As you know, this year marks the 50th anniversary of the passage of the CWA. For 36 years following the passage of the CWA, the EPA exempted ballast water discharges from the Act. Federal courts found this to be in violation of the CWA and ordered the agency to regulate ballast discharges. The EPA adopted discharge standards that did not meet the requirements of the CWA and that failed when challenged in court. In 2018, Congress passed the Vessel Incidental Discharge Act (Title IX of Public Law 115–282) to reconcile and consolidate U.S. ballast water laws, confirming that the EPA must follow the CWA in establishing discharge standards; however, the EPA is proposing to re-issue discharge standards that the courts have previously found to be unlawful under the Act.
The EPA's failure to establish effective ballast water discharge standards has resulted in billions of dollars of environmental damage in marine, estuarine, and fresh waters of the United States. Ships take up and discharge large volumes of ballast water in different parts of the world as a normal and necessary complement to the transport of cargo. In doing so they transport and release into the environment a wide variety of harmful organisms. Ballast water discharges can contain non-native and nuisance plant and animal species that can cause extensive ecological and economic damage to aquatic ecosystems.
Organisms introduced by ballast water include crabs that damaged shellfisheries; fish that competed with or preyed on native and commercial fish species; invertebrates that consumed organisms that native fish depend on, causing fish populations to crash; and mussels that have fouled boats, navigational equipment, and beaches, blocked pipelines, and devastated native mussel populations.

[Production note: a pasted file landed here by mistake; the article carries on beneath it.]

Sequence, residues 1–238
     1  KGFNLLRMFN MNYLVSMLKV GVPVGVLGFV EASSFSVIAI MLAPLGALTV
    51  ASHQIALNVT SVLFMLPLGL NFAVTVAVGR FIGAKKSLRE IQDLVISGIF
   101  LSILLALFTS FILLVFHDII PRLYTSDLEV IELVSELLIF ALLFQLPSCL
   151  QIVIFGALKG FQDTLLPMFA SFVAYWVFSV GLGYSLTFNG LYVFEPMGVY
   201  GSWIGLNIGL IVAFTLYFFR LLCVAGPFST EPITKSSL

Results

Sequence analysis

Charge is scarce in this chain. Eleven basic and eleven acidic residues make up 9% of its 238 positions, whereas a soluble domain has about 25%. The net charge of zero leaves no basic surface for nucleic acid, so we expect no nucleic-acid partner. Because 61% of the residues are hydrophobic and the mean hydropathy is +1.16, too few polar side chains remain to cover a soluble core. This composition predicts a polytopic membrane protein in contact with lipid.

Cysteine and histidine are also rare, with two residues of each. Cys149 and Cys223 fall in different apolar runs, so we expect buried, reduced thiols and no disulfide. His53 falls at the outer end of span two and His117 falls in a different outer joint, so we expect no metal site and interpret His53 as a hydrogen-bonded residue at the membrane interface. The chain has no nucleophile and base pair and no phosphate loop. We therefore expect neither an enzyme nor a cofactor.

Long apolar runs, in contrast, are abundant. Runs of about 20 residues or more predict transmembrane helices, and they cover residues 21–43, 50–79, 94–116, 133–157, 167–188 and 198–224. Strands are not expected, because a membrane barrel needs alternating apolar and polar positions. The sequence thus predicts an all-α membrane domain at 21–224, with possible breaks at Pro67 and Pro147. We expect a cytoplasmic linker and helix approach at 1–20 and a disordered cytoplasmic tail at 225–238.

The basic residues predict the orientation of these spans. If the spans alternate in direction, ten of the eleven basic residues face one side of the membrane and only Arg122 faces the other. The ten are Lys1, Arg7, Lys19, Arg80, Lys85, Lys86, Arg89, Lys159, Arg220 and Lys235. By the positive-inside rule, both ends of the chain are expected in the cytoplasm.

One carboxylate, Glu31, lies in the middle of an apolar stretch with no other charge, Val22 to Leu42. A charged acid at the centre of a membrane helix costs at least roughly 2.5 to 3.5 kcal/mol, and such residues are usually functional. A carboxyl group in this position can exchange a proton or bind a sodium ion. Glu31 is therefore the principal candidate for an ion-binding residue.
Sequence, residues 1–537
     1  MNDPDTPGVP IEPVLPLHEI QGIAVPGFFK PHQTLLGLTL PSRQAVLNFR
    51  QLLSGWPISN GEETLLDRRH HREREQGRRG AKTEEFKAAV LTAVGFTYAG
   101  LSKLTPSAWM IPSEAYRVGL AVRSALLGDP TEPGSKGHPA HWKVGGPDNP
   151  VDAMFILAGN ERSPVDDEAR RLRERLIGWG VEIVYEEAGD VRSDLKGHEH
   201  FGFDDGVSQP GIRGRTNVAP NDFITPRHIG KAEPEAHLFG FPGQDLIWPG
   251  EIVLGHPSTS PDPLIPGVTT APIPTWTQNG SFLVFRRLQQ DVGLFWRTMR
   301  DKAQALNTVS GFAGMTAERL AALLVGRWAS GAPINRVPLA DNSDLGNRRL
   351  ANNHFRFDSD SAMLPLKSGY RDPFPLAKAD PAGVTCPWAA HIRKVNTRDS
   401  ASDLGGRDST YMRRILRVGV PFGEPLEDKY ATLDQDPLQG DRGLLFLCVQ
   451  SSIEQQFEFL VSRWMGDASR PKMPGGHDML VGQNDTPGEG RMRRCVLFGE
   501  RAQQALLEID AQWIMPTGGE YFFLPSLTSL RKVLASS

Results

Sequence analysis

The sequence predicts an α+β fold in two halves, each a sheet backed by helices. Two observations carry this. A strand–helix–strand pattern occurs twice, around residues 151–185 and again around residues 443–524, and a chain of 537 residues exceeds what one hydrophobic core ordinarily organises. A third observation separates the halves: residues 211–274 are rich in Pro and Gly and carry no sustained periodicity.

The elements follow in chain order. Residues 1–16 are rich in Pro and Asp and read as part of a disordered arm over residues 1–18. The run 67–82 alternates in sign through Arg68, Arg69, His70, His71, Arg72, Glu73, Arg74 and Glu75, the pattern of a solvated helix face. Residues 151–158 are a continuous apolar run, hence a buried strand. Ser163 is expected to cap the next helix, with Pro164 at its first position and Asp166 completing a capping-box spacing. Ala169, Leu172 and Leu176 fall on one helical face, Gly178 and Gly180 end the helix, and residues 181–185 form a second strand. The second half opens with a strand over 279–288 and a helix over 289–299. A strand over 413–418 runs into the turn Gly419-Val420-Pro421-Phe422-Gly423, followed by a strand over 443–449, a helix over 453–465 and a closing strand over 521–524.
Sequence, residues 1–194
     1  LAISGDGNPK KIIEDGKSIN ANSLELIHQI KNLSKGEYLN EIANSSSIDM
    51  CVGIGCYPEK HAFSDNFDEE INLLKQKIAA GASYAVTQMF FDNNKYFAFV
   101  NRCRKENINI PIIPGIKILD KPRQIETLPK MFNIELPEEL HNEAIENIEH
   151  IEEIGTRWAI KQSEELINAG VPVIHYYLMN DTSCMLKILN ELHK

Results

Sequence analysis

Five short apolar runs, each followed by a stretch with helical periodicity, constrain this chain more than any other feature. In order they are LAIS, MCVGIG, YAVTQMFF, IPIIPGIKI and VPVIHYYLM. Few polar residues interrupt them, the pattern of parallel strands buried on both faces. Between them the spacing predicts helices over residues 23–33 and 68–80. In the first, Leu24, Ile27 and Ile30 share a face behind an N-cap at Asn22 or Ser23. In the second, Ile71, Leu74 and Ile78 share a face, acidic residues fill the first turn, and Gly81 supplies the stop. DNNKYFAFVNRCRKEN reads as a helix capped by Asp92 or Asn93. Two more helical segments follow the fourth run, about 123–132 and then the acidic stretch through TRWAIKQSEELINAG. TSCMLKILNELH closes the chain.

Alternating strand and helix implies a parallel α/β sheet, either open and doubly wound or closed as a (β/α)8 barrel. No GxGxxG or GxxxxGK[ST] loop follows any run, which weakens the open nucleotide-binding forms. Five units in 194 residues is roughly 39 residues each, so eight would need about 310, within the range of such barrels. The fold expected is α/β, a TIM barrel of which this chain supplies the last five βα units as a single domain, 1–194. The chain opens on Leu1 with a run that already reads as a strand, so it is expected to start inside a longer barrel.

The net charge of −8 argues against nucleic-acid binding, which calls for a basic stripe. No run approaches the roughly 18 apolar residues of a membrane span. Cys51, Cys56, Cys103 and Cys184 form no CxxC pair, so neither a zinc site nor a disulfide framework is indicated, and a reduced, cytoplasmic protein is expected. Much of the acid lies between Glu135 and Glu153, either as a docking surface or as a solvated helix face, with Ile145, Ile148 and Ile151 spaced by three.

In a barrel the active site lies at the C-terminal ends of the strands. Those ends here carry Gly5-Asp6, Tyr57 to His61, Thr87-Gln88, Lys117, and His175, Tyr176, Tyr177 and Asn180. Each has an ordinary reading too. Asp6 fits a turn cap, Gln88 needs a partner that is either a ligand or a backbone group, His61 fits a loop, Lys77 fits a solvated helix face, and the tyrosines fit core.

Ballast water discharges have also introduced harmful bloom-forming algae, toxigenic dinoflagellates that poisoned clam fisheries, and several bacteria that cause human diseases, including one pandemic strain that, after introduction into South America via ballast water, killed over 10,000 people. Scientists at the
U.S. Food and Drug Administration, the National Academy of Sciences and the Centers for Disease Control have warned about the potential for ballast water to introduce epidemic diseases into U.S. waters. Without regulatory standards that prevent the release of these disease organisms, communities with weaker water and wastewater treatment infrastructure, which are often already challenged communities, face a greater risk of epidemic spread.
Fortunately, the harmful organisms and pathogens carried in ballast water arrive at our shores trapped in ballast tanks and we have the technical ability to capture or kill them before they are released into U.S. waters. However, regulations must require effective treatment technology for it to be used. The EPA and the U.S. Coast Guard should also release to State regulators and the public all ballast water treatment system test data and supporting documents in their possession that is necessary to assess the performance of ballast water treatment systems. This is essential for States and members of the public to properly review federal management of ballast water discharges.
As we celebrate the 50th anniversary of the CWA this year, it is time for the EPA to take immediate action to finally establish ballast water standards based on the best available technology as required under the CWA. Thank you for leadership to ensure that the EPA meets its CWA obligations and protects our nation’s waters. We look forward to your prompt response.
[Members of Congress]